Friday, April 21, 2006

Competing in Fear of the USBC

A certain Darren posted a comment to my Coffee and a Cigarette entry. Don't really know which/who this particular Darren really is, but here's what he had to say:

Curious as to what you thought of the judging/judges this year. I heard they were a joke. Take what happened to Ryan Dennhardt. Yeah, they recognized their screw-up and reinstated him in the finals, but then made him pay for it anyway with a 7th place finish. When you do what the judges tell you to do and still get penalized. When the head judge doesn't catch/correct the mistakes of the other judges? This is a joke.

As far as I'm concerned, if you made the Semis you are clearly one of the top Barista's in the country. Who really cares about #1? Ryan came out of nowhere (Kearney, Nebraska actually) to make the Nat'l Finals three years in a row. He's got nothing to be ashamed of (in contrast to the Nat'l judges).

If you are going to continue to compete, I doubt you will say what you really think on this subject, but thought I'd ask.

If people really didn't care about being "Number One" then Dennhardt would never have protested the outcome of his Semi-Finals performance.

Overall, I thought the judging was pretty spot-on. Some of the best judging I've experienced in three USBC competitions.

Well, friendly Darren, you're probably not a listener of the famed Podcast where I've gone on (at times at length) about what I think is messed up about the specialty coffee industry. I even shared my thoughts rather vibrantly on the Dennhardt ruling at the 2006 USBC.

In a nutshell, I thought the ruling was bullshit.

A complete insult to every competitor at the USBC - especially the Finalists.

There is a method and a means to a protest in a competition. One would think (and expect) that such a protest be voiced and filed at the time of the incident. Not the next morning. That's worse than the Monday Morning Quarterback.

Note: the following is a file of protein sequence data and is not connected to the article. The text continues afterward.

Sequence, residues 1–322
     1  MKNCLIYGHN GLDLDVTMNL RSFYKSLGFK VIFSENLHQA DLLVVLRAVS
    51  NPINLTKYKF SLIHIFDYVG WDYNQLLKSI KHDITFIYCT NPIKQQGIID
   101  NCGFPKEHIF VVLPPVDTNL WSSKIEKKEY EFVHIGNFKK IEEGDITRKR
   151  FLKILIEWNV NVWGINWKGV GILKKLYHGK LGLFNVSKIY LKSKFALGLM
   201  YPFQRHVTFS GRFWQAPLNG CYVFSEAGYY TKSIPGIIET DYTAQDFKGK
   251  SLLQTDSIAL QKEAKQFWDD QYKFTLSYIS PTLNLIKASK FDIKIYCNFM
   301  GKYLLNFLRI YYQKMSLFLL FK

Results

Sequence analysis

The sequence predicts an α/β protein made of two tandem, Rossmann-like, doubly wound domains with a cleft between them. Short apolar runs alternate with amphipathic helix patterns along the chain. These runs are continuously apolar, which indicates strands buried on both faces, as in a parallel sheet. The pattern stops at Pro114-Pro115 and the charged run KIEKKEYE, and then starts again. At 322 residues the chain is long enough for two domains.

If one listens to Podcast Number 33, you'll hear Dennhardt wax poetic about missing the Finals. It's disappointing to miss the Finals, but there's no hint that anything is awry or amiss - or that he has any clue about how close his score was from the Finals or that there may have been some measure of impropriety on the part of the Judges or Runners.

All of that came later. And I think it's because someone improperly disclosed the scores.

Let's look at it from a more objective viewpoint. We're not talking about Dennhardt just missing the 15-minute mark and losing the Finals. He protested his SECOND overtime penalty at 15:30. He's already overtime and then to blame that on Runners and Judges? Like I said below, the Judges are your customers; your guests. They have the prerogative of taking their time and it's still your job to compensate. I'd give the seed of doubt if this were a case of 15:05, but it's not.

Others will desperately try to make it seem "legit." They'll argue about the integrity of the rules, or how some skeptical judge even said it looks legit. Sounds to me like they're just trying to appease the USBC Machine. Others will even question my support of the "Red Tape" - as though I'm not "Third Wave" enough to roll with this.

Fact of the matter is that I've always been a strong proponent of very explicit rules. Rules that limit and define strictly what can and can not be done. And when it comes to protests and challenges, then the rules need to be exceedingly explicit. No provision on video tape review means that there is NO video review. You cannot have video review at one competition without providing it for all competitions.

Don't get me wrong, I like Ryan. An incident in Seattle last year demonstrated to me that he can be a man of character and I respect that. However, it was a Cold Day in Hell in the competitor's room that Monday morning. From the other Finalists to the other competitors, to the members of the audience - the one remark that ran across their silent faces was: "That's bullshit."

It's disappointing to lose the USBC, but it's far, far worse to lose the respect of your peers.